Matt Hamill lost a fight this past Saturday night to Rich Franklin. There is certainly no shame in that. Franklin is a three-time UFC champion and has only lost to two men in his entire 27 fight career; it’s how Hamill lost that has those in his camp concerned.
Before the fight, Duff Holmes, who trains Hamill, spoke exclusively with Fightline.com on their strategy heading into the fight with Franklin.
“No way Matt Hamill stands with a guy like Franklin,” said Holmes. “Matt is, by far, the best wrestler in the UFC’s light heavyweight division so our plan is simple; we’re going to take Rich down and work the ground and pound while avoiding submissions.”
“Matt’s been training with Bruno Tostes, and his submission defense looks awesome. We know what Rich is going to do. He’s going to come out, keep his distance and work his striking; try to keep things standing and pick Matt apart. We know he’s coming with leg kicks, body kicks and quick combinations, but Matt’s ready. We’ve got him in there with lightening quick professional welterweight boxer’s and he’s holding his own. Speed should not be an issue in this fight.”
There were other issues of concern however. According to Holmes, Hamill has a deep reverence for the man responsible in many ways for his UFC career.
“Matt got his start helping Rich work on his takedown defense. Those two go way back and Matt has a deep respect and allegiance to Rich. He vouched for Matt to join “The Ultimate Fighter” and helped get Matt on the show. He’s sponsored Matt with his company American Fighter and has been a kind of mentor to him, and to be honest, that has me a little concerned.
Holmes’ concern appeared wholly justified after Hamill’s lackluster performance, which saw the former collegiate wrestling champion attempt exactly zero takedowns the entire fight. Holmes desperately pleaded with his fighter between rounds to take the fight to the canvas.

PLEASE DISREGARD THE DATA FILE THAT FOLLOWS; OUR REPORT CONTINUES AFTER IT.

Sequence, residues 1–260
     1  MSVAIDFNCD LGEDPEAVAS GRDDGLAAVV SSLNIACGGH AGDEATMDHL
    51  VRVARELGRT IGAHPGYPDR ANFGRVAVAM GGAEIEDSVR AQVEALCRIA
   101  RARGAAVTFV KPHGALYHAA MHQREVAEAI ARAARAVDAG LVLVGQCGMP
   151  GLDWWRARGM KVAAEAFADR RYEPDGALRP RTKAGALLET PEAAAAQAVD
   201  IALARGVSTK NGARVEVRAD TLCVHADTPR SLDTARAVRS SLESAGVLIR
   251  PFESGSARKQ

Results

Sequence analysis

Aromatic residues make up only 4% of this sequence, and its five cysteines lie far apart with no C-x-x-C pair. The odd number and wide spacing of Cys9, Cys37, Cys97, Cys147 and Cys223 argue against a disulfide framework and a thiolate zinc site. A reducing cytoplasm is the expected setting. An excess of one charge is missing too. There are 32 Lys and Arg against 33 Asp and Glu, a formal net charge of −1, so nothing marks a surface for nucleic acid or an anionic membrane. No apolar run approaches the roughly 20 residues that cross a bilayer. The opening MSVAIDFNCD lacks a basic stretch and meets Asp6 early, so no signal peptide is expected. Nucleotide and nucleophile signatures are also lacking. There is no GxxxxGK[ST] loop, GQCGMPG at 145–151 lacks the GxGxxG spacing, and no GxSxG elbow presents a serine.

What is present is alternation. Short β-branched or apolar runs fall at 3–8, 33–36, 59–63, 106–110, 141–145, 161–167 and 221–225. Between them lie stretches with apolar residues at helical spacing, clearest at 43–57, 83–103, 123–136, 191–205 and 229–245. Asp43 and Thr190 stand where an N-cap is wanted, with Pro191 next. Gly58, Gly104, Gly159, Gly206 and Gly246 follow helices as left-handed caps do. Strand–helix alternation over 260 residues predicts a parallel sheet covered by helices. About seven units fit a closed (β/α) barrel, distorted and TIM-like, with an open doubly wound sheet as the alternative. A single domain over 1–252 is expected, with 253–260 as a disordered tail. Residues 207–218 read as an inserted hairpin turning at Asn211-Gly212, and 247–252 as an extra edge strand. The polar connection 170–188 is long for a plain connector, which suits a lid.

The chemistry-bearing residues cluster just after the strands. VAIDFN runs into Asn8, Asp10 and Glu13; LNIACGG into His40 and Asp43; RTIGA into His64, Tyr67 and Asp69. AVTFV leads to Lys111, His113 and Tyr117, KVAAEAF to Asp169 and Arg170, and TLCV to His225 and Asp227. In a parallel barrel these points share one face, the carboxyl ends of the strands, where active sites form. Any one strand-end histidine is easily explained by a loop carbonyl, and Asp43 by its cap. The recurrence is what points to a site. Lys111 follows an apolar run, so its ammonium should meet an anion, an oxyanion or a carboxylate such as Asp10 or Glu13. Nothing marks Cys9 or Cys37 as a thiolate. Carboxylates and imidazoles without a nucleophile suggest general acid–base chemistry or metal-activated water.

“I practically begged Matt to take Rich down,” said a clearly frustrated Holmes. “I was screaming at him to stop fighting Rich’s fight and fight his fight. I can’t explain it. He just had this blank look on his face. I don’t know where he was, but the Matt Hamill that I know and trained for the past 11 weeks was not in that octagon on Saturday.”
Holmes had assembled a virtual “who’s who” of trainers across many disciplines to prepare Hamill. World renown pro boxing coach Tim Greene has been a mainstay with the camp and has worked along with Muay Thai expert Master Seng on improving Hamill’s striking.
Hamill’s ground game has been significantly upgraded over the past year with the edition of Brazilian jui-jitsu world champion and Renzo Gracie understudy Bruno Tostes.
Holmes has also made certain to keep Hamill’s wrestling up to par by pairing him with the likes of 265-pound U.S. Olympic wrestling champion Steve Mocco, who Hamill was able to hold his own against and even takedown at times. Clearly, if Hamill can take down someone of Mocco’s stature than a guy like Rich Franklin would be hard pressed to defend against a full on Hamill takedown attempt; a point that seems lost on many MMA media outlets.
“Reports that Matt wasn’t able to take Rich down are completely false. Matt didn’t shoot once the whole fight. He didn’t try. Matt Hamill is one of the most physically gifted athletes in the UFC. He has double leg takedown that’s like he’s shot out of a cannon. The guy is an animal; unfortunately that’s not the Matt Hamill that showed up on Saturday. He didn’t work the game plan.”
The game plan was certainly not for Hamill to come out and stand with the world class striker, Franklin. Holmes was well aware that such a strategy would play right into the former champions hands.